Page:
Keanu Review


Keegan Michael Key and Jordan Peele have made quite the names for themselves in the USA. Their successful sketch show Key & Peele ran for five seasons, earning itself a huge following and establishing the two as one of the finest double acts in American comedy. Key, a tall, almost nerdy looking bag of nervous energy and Peele, his smaller, wise cracking counterpart make for quite the classic comic pairing and the two finally make their big screen debut in the crime-comedy caper Keanu.

Rell Williams (Peele) has just gone through a difficult break up, his life is in tatters and he seems destined for a life of binge eating and pot smoking. Shortly after the break-up however he gets an unexpected visitor in the shape of a super cute kitten whom he decides to name Keanu. Rell develops a special bond with Keanu, to the point where he even shoots a movie themed calendar with the adorable little feline. That is until Keanu is catnapped by a criminal gang and Rell is forced to recruit his cousin Clarence (Key) to help him infiltrate the criminal underworld in an attempt to save him.  

If the movie’s plot sounds a little silly that’s because it is and what Keanu effectively amounts to is a simple sketch dragged out over a 100 minute run-time. Action comedies however are seldom as amusing as this. Key and Peele have taken a relatively safe gamble here- playing off their undeniable chemistry with some familiar, but still amusing gags that make Keanu a watchable, if not slightly flawed feature. In comparison to some other works in this genre- such as last year’s woeful Let’s Be Cops ( which actually starred Peele as a Mexican drug dealer) this is a knock-out, getting the basics right if nothing else.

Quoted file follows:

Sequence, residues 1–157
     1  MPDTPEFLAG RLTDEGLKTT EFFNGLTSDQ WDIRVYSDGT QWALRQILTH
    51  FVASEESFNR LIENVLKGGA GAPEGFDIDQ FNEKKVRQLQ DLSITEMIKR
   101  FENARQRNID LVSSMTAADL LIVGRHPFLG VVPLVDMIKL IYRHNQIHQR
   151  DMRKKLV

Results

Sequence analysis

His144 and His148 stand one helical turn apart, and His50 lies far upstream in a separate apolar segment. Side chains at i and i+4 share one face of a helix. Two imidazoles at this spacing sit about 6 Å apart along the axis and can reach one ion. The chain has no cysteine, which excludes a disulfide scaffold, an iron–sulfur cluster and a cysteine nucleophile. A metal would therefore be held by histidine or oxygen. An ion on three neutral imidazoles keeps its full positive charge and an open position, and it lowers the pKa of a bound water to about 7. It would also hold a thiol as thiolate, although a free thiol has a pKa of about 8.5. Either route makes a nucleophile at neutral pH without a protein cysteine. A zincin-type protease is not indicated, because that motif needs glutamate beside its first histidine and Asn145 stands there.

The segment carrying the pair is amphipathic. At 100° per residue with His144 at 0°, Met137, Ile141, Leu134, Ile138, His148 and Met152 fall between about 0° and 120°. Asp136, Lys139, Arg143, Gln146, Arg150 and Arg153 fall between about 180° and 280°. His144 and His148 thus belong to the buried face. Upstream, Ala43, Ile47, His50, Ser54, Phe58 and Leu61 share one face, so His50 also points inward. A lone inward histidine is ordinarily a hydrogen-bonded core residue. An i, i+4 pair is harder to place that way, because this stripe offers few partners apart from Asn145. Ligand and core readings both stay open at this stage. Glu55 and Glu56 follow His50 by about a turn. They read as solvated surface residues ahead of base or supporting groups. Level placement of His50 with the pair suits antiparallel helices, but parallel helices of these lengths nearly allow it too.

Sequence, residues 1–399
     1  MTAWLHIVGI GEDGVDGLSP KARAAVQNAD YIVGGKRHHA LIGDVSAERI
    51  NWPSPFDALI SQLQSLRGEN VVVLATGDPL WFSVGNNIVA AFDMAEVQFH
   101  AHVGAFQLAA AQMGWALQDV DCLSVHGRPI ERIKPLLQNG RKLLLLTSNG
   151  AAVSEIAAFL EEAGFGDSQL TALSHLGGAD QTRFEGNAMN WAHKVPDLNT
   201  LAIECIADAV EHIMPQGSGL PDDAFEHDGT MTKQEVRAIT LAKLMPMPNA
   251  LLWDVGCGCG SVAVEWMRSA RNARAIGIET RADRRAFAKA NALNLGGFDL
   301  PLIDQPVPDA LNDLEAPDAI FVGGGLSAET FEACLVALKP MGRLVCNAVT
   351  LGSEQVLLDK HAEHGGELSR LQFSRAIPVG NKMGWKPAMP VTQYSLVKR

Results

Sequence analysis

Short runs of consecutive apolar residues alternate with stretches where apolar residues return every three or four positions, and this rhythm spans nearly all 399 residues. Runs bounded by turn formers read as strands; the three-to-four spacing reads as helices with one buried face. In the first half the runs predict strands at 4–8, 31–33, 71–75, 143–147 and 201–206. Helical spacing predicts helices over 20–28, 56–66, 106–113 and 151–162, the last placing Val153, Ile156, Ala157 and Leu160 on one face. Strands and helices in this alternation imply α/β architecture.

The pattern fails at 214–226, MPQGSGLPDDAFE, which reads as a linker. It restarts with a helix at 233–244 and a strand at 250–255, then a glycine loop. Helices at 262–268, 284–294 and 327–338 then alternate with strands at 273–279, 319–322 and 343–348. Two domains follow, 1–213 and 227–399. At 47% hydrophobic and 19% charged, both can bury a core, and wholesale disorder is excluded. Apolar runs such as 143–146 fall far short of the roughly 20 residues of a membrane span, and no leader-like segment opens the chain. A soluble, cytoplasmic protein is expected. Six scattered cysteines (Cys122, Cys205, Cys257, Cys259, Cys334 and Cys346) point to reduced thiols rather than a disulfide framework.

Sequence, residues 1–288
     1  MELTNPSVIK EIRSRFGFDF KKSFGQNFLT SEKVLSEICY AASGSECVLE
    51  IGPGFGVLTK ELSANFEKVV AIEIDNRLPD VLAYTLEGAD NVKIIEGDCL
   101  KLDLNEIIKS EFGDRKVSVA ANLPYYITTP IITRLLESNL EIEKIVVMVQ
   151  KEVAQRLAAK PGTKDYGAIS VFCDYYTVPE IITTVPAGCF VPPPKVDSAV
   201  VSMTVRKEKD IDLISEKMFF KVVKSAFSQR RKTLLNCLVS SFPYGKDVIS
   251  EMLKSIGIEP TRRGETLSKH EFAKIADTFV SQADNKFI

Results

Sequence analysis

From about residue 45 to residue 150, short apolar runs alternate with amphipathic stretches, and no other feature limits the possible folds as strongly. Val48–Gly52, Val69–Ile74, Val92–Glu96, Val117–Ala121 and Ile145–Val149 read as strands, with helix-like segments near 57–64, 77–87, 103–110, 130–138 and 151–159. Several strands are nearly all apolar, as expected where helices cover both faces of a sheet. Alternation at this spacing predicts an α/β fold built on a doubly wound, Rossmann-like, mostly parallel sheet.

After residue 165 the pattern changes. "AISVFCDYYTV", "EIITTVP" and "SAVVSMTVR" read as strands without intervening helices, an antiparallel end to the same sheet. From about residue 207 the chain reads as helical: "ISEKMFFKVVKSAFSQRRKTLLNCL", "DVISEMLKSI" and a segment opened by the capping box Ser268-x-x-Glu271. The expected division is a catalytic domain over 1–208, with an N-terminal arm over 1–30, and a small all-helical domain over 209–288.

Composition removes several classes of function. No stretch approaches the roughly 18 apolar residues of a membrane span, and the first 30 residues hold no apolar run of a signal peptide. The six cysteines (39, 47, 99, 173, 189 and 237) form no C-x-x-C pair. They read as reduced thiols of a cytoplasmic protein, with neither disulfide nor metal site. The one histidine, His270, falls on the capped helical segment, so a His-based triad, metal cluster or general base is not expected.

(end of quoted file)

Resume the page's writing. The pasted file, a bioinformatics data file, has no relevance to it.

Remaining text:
Keanu is likely to be marketed as a crime/stoner based comedy in the vein of Pineapple Express, yet at its core it’s actually a rather sweet character based movie about two best friends and their relationship, dealing with topics such as masculinity in crisis and racial stereotyping with just the right amount of charm and subtlety. It is this that makes the movie such an enjoyable watch for the most part. Key and Peele have an infectious charm that makes the helps the movie along even as it begins to sag a little as it approaches its climax. It certainly helps that the Cat is super cute as well.

Key and Peele’s cinematic debut is not going to cause any huge shake ups but it is an infectious, sweet and often funny movie that will manage to raise a wry smile despite its flaws.